the guise of the old man to “mentor” Telemachus in the ways of values, willpower and courage.
Midas touch: (n.) an unusual ability for making money. From King Midas, who was given the power to
turn everything he touched into gold.
mnemonic: (adj.) aiding or designed to aid the memory or (n.) a device – such as an abbreviation or
rhyme – that aids the memory. From Mnemosyne, the Greek goddess of memory.
narcissist: (n.) a person who is overly self-involved, and often vain and selfish (and who suffers from
narcissism). From Narcissus, a beautiful youth in Greek mythology who fell in love with his own reflection
in a pool and, unable to tear himself away from his image, he wasted away and died.
nemesis: (n.) a longstanding rival or archenemy, or a downfall caused by one. From Nemesis, the Greek
goddess of retributive justice.
odyssey: (n.) a long wandering, adventure, or voyage (both literally and spiritually) usually marked by
many changes of fortune. From Odysseus, a king of Ithaca and Greek leader in the Trojan War. When the
war ended, Odysseus forgot to thank the gods for helping him. This made them angry, and they punished
him with a long voyage home. What was to be a 2-week trip ended up taking 10 years.
[Note from Ms. Sweeney: The moral of Odysseus’s story is never, ever forget to say “thank you!” J]
Oedipus complex: (n.) the desirous loving feelings of a son toward his mother and hostile or jealous
feelings toward his father that may be a source of a personality disorder. From Oedipus, who – as fate
predicted – unknowingly killed his father and married his mother.
Olympian feat: (n.) a difficult task, as one befitting the immortals. From Olympus, the mountain in
Greek mythology that was the home of the gods.
panic: (n. and v.) sudden uncontrollable fear, often causing wildly unthinking behavior. From the
shepherd demigod, Pan, who had the legs and horns of a goat and a shrill voice. A mischievous forest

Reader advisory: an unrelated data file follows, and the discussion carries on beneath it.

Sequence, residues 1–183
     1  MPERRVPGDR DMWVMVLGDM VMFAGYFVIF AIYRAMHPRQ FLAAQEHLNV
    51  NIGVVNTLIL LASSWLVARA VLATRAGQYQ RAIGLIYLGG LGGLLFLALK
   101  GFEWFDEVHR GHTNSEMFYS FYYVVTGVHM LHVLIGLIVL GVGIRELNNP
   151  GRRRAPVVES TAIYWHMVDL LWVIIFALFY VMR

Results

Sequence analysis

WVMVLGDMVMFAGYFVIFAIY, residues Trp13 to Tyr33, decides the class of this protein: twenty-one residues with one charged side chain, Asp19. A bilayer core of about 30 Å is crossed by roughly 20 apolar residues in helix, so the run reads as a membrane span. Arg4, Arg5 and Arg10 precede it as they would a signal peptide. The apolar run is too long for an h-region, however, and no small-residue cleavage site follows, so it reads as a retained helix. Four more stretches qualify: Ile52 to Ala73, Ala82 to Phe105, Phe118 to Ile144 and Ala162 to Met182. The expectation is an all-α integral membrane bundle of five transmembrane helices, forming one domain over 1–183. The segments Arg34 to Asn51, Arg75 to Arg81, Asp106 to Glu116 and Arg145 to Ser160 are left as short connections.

sprite, he liked to scare those traveling the lonely stretches of wilderness that separated Greek city-states.
Pandora's box: (n.) a source of troubles. From the first woman, Pandora, whose curiosity unleashed all
the troubles of the world when she disobeyed instructions and opened a jar. Only hope was left behind.
Promethean: (adj.) describing a daringly creative or defiantly original act. From Prometheus, a Titan
who created humankind out of clay sculptures to which he gave life – without seeking the permission of
Zeus. He also stole fire from Olympus and gave it to humankind, for which Zeus chained him to a rock and
sent an eagle to eat his liver, which grew back daily.
siren song: (n.) an alluring utterance or appeal, especially one that is seductive or deceptive. From the
Sirens, mythological Greek sea nymphs, part woman and part bird, who lured sailors to their destruction
by their seductive singing.
Sisyphean: (n.) such that is endless, difficult, and impossible to complete. From Sisyphus, a famous
resident of Hades, who was condemned to roll an enormous rock up a hill only to have it fall back down.
tantalize: (v.) holding something desirable just out of reach. From Tantalus, who was condemned to the
Underworld, where he stood in fresh water that receded whenever he tried to drink and under a tree filled
with ripe fruit always just beyond reach.
titanic: (adj.) exceptional size, power, or influence; and titan: (n.) one that is gigantic in size, power, or
influence. From the Titans, a family of giants who ruled the Earth until overthrown by the Olympians.
Trojan horse: (n.) any thing or person that appears harmless but is designed to destroy or attack from
within. The original Trojan Horse was conceived of by Odysseus and used by the Mycenaeans to defeat
Troy, as told in Homer’s epic, The Iliad.